By Galen Patterson
On the morning of May 19, dozens of people gathered at the Arcadia Public Library and waited patiently under a canopy and gloomy sky.
The people talked in low mumbles, waiting to be ushered into the auditorium, where 20 tables provided a close-proximity platform to double the amount of attorneys to give free legal advice. This is Arcadia’s annual Law Day.
This year’s Law Day was a partnership between the city and the Arcadia Chinese Association. Members of the ACA wore green vests and staffed the event along with city representatives like Vanessa Guerra, an administrative intern for the City Manager’s office.
Guerra came early to set up. She arranged the sign-in area under the canopy. She arranged pamphlets and set up tables. When the volume of prospective clients became too much, Guerra helped with the flow of citizens to attorneys.
Among the attorneys providing free legal consultation is Councilwoman April Verlato. Across the room sat Christine Wood, an attorney with Best, Best and Krieger. Wood fell backwards into law school, having first worked in the media industry, working for media publications by consulting with newspapers. When she saw the declining number of print publications, she became a paralegal and went to law school.
Now that Wood is a legal professional, she uses her skills to help in ways she can make an impact. “I love being able to help people,” said Wood. One of Wood’s favorite parts of her current career is being able to work with the government on local levels and help them operate more efficiently. In this way she doesn’t just help one person, she has the ability to help our society.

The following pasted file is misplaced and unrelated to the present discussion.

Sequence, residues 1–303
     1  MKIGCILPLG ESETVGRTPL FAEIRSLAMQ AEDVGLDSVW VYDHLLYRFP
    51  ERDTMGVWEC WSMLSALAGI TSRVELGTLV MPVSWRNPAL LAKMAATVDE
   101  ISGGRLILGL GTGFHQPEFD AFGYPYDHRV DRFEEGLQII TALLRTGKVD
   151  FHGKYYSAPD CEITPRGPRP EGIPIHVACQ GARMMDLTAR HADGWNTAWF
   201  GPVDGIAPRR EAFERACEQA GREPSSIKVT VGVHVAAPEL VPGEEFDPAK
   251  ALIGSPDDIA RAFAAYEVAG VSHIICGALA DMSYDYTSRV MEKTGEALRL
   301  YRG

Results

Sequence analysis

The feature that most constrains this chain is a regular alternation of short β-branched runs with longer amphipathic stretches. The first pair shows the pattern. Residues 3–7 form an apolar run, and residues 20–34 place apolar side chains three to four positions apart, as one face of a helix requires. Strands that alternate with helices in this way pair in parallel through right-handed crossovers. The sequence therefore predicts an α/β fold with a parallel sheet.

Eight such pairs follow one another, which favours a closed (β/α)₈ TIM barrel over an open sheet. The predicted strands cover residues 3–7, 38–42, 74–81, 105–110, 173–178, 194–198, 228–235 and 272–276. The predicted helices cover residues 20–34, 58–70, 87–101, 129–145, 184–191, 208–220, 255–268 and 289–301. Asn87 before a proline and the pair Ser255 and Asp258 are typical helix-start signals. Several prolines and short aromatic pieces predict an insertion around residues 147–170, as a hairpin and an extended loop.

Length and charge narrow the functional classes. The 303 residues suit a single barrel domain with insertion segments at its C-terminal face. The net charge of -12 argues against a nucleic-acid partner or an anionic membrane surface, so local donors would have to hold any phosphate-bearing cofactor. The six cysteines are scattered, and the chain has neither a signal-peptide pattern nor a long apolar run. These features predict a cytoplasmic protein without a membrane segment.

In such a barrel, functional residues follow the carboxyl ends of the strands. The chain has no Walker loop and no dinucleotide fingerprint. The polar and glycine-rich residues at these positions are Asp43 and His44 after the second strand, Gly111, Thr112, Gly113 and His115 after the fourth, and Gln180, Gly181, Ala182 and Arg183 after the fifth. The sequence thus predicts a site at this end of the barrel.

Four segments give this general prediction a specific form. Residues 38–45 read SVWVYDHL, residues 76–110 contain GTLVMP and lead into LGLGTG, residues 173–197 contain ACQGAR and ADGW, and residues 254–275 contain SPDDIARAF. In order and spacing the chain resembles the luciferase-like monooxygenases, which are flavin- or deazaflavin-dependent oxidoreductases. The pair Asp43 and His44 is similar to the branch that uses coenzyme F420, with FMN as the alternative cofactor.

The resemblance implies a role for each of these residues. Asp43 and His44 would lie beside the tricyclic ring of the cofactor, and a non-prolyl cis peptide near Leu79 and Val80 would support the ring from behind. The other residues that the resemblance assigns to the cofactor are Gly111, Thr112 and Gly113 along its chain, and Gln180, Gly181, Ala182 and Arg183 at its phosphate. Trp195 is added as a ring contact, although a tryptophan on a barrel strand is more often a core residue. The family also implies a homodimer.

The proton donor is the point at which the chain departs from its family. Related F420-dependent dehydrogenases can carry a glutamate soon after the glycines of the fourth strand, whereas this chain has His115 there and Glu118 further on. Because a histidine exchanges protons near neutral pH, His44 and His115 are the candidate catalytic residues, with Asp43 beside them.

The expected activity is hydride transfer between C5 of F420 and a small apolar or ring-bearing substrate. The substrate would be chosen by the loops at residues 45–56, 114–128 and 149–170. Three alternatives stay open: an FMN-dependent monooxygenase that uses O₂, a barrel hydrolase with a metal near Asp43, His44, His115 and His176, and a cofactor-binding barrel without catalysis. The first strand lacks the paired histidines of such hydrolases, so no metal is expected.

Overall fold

For hours, people discussed various sticky situations, which the attorneys can decide to take up as a cause of their own. In one corner, two people explained to an attorney that their neighbors make too much noise on a continuous basis. The attorney suggested that they notify the Los Angeles County Sheriff’s Department, because the city they live in doesn’t have its own police department.
Wood says that although she will not disclose what she spoke about with people, she has noticed a prevailing theme of rental disputes between landlords and tenants.
Around the room, Mandarin-speaking attorneys hear the grievances of Mandarin speakers, a thoughtful service provided by the city.
Both Wood and Guerra agree that Law Day in Arcadia is an invaluable service to the community. “It’s important for people to have access to the law,” said Wood. “I think it’s great,” said Guerra, “Its helps the community and helps people answer questions for free.”